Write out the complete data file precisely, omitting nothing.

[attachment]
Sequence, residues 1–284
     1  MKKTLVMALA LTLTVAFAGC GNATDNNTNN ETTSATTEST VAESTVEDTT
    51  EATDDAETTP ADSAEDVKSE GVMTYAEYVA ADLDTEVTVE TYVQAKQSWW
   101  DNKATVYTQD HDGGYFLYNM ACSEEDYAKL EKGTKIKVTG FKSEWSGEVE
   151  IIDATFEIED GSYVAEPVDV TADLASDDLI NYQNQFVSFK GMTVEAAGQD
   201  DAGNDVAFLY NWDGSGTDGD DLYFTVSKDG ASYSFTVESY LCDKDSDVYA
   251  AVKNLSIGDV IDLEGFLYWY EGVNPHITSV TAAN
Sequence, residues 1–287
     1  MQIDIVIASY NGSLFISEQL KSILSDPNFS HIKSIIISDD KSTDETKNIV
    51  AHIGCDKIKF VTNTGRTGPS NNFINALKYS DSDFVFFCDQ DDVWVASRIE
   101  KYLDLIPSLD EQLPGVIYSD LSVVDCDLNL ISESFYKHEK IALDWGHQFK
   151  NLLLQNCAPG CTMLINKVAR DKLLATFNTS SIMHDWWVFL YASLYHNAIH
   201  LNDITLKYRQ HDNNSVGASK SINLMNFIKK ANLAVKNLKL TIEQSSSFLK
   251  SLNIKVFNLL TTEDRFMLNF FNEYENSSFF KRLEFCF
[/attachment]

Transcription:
Sequence, residues 1–284
     1  MKKTLVMALA LTLTVAFAGC GNATDNNTNN ETTSATTEST VAESTVEDTT
    51  EATDDAETTP ADSAEDVKSE GVMTYAEYVA ADLDTEVTVE TYVQAKQSWW
   101  DNKATVYTQD HDGGYFLYNM ACSEEDYAKL EKGTKIKVTG FKSEWSGEVE
   151  IIDATFEIED GSYVAEPVDV TADLASDDLI NYQNQFVSFK GMTVEAAGQD
   201  DAGNDVAFLY NWDGSGTDGD DLYFTVSKDG ASYSFTVESY LCDKDSDVYA
   251  AVKNLSIGDV IDLEGFLYWY EGVNPHITSV TAAN
Sequence, residues 1–287
     1  MQIDIVIASY NGSLFISEQL KSILSDPNFS HIKSIIISDD KSTDETKNIV
    51  AHIGCDKIKF VTNTGRTGPS NNFINALKYS DSDFVFFCDQ DDVWVASRIE
   101  KYLDLIPSLD EQLPGVIYSD LSVVDCDLNL ISESFYKHEK IALDWGHQFK
   151  NLLLQNCAPG CTMLINKVAR DKLLATFNTS SIMHDWWVFL YASLYHNAIH
   201  LNDITLKYRQ HDNNSVGASK SINLMNFIKK ANLAVKNLKL TIEQSSSFLK
   251  SLNIKVFNLL TTEDRFMLNF FNEYENSSFF KRLEFCF